First of all, let me answer the question “Who is Linux For?”, because the answer is so easy: it’s simply for everyone. From the basic home desktop or laptop user to the global search engine giants, from small businesses with few computers to large corporations, governments and educational institutions.
Linux is used in servers and systems such as mainframe computers and supercomputers: more than 90% of today’s fastest supercomputers run some variant of Linux. Check out an impressive list of Linux users, (which includes Google, Amazon, the U.S. Department of Defence, Peugeot, to name a few) on this website. Linux also runs on embedded systems such as mobile phones, network routers, television and video game consoles; the Android system in wide use on mobile phones is built on the Linux kernel.
In other words, most people are already in touch with Linux… without even being aware of it!
Now, “What Is Linux?”
Simply, Linux is an operating system, much like Windows and Mac. One outstanding difference is that, from its very beginnings in the early nineties, it was never packaged as a profit-making product to be sold. Linus Torvalds provided the Linux kernel, and Richard Stallman was responsible for the rest of the OS components through his GNU project. They began to lead a random group of IT professionals who voluntarily worked on development of the system and offered the results to anyone at no cost. And, importantly, offered anyone capable enough to contribute to the development the possibility of doing so, voluntarily. Implementation of the Free Software License ensured that no one could exploit the projects for their own profit. So, as opposed to copyrighting the software, copyleft was used, which is a licence whereby an author gives permission to reproduce, adapt or distribute the software and requires that any resulting copies or adaptations are also bound by the same licensing agreement. (See this link for a great documentary on the Linux/GNU history).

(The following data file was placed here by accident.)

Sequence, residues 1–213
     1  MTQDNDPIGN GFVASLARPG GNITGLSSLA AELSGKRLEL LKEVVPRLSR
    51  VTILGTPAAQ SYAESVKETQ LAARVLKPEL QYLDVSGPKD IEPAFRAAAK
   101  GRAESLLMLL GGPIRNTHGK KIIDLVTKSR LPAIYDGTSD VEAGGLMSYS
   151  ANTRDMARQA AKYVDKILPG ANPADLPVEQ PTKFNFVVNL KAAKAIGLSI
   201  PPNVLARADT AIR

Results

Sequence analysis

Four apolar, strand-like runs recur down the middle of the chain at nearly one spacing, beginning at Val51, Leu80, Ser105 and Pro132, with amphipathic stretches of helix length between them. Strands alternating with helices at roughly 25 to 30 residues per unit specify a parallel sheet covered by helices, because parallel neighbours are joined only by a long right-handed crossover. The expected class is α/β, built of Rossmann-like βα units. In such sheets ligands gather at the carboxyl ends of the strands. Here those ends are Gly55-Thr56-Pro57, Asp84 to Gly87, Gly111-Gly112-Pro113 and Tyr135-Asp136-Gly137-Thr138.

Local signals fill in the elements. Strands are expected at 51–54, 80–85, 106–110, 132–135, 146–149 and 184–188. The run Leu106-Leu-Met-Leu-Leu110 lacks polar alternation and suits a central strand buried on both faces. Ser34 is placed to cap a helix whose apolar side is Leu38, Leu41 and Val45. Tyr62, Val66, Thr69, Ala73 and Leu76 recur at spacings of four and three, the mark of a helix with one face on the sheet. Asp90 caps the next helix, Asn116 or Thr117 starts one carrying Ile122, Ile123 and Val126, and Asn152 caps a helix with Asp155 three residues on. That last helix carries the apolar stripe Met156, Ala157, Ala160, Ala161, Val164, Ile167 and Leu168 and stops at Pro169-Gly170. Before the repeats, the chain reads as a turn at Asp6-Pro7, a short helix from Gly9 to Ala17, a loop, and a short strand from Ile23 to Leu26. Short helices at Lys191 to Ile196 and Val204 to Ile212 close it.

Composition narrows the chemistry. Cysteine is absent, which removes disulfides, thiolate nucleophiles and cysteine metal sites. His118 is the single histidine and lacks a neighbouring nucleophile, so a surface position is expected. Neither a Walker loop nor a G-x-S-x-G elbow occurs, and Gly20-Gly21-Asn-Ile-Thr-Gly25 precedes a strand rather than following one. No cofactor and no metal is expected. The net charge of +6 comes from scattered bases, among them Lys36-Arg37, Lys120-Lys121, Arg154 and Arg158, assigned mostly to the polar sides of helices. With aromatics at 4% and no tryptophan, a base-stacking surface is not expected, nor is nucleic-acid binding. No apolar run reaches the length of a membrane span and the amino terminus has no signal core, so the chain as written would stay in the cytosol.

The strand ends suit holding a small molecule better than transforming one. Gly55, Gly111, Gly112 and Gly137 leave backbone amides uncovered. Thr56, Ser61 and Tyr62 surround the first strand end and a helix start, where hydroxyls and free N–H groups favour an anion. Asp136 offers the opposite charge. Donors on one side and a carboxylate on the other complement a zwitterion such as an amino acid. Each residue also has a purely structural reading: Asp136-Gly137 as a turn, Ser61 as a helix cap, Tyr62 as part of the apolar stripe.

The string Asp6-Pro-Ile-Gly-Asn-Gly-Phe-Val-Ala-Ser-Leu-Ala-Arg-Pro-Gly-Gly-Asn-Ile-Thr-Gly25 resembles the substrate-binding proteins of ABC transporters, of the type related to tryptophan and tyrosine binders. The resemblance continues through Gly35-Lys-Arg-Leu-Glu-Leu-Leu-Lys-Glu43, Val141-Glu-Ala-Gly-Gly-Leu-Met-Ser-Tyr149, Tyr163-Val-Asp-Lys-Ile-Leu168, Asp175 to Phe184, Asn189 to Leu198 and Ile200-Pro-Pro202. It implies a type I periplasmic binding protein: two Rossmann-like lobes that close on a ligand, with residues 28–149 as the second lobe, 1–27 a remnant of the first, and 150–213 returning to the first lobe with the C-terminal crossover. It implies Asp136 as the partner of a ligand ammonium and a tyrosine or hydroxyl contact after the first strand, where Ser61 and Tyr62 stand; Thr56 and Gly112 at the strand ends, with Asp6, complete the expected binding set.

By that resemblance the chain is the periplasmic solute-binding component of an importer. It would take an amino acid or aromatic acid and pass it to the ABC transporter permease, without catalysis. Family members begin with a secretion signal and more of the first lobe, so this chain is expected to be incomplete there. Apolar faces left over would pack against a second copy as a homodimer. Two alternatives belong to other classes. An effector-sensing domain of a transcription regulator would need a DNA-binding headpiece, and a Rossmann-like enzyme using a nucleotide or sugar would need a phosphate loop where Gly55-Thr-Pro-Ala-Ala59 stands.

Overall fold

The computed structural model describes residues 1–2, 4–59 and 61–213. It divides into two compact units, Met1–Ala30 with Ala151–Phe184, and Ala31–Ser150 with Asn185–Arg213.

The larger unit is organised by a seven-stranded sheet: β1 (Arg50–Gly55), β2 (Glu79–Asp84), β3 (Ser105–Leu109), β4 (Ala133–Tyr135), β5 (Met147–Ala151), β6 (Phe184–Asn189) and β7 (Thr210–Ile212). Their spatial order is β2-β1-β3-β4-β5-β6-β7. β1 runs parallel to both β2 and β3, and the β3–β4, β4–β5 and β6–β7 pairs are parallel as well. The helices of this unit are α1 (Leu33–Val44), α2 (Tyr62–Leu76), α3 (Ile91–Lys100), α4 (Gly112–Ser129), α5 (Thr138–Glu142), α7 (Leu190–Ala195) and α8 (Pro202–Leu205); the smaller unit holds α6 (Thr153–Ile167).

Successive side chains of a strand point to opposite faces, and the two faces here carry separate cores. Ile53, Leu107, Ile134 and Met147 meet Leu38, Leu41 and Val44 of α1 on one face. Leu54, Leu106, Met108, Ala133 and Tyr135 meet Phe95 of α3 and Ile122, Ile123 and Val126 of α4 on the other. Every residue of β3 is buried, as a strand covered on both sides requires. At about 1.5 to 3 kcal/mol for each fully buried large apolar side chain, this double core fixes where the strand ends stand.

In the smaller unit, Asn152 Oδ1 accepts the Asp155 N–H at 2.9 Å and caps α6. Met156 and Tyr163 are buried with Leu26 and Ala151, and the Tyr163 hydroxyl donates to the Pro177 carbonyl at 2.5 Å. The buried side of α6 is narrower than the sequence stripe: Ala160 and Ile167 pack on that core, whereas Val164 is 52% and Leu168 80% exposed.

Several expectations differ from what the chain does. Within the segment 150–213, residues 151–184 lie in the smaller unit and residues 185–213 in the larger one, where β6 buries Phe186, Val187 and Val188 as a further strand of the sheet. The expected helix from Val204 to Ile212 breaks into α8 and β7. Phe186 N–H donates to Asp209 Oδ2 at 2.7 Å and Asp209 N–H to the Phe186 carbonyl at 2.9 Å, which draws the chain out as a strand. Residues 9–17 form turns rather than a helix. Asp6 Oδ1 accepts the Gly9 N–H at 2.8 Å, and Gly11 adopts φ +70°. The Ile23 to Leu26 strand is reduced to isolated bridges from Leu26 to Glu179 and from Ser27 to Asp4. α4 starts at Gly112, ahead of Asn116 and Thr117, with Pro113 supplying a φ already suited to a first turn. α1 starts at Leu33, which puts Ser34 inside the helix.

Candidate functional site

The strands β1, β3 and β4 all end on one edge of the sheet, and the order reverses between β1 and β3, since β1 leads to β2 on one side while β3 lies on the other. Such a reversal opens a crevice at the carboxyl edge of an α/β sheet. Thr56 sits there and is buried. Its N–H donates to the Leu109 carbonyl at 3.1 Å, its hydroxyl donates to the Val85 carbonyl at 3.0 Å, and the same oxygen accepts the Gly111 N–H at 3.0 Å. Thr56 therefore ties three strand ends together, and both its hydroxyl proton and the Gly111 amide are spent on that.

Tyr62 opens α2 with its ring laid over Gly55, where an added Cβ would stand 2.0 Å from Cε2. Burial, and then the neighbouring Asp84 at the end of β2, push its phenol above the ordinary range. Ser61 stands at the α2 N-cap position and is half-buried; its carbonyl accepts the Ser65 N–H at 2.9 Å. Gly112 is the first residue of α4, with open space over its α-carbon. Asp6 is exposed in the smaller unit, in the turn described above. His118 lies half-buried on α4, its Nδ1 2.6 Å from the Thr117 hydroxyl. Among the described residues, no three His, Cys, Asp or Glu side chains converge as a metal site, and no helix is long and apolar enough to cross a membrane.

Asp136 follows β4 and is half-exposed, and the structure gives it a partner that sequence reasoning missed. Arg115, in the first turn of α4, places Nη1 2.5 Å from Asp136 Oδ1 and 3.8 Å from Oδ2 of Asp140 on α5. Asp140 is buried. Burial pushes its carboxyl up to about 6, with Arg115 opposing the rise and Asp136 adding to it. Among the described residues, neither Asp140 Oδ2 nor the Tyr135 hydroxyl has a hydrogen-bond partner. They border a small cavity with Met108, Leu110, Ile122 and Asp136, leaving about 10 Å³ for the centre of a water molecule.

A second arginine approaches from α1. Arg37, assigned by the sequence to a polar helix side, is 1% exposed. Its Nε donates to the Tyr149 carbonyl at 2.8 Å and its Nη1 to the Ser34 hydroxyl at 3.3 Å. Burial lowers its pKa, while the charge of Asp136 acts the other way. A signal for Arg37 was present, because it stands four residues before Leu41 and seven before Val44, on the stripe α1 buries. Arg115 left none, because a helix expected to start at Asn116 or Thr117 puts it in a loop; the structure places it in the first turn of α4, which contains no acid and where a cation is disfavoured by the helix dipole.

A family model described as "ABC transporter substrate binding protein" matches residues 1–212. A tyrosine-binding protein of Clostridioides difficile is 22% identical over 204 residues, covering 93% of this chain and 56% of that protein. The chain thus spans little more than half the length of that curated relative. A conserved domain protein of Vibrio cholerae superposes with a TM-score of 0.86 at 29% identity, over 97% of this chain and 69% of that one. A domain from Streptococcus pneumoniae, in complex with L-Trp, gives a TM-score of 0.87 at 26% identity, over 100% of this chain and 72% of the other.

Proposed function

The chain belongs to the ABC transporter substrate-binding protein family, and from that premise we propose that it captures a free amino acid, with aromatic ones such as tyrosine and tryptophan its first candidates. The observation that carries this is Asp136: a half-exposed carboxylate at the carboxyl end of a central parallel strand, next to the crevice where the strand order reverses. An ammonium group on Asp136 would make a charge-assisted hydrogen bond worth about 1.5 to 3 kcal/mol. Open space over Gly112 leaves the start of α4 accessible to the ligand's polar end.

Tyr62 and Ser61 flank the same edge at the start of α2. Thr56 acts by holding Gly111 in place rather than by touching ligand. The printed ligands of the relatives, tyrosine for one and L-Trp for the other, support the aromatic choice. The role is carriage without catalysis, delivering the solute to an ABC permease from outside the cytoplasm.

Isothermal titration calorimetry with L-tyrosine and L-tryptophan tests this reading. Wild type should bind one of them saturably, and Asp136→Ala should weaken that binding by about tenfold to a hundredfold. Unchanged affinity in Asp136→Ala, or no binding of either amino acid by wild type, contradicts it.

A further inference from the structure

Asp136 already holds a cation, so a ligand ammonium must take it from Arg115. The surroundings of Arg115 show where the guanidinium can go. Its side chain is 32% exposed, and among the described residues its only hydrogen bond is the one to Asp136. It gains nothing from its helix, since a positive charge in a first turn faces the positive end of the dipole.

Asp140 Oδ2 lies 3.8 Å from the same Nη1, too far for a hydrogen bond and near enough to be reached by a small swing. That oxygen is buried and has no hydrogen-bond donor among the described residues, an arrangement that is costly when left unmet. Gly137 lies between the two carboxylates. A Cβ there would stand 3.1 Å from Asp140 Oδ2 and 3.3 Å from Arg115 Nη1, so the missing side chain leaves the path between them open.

How these humble beginnings have developed into the momentous software movement that Linux has become is beyond the scope of this article, but please see the links for more.
Linux is available in user-friendly forms called distributions, which are basically different flavours of the Linux operating system core. Which one you choose depends on factors such as visual appeal, whether you’re setting up a home user desktop or a server, small business use or a large corporation. These distributions are available for free and can be installed on any, and as many, computers as you like, with no licence restrictions.
So, “Why Use Linux ?” Go to the next page to find out …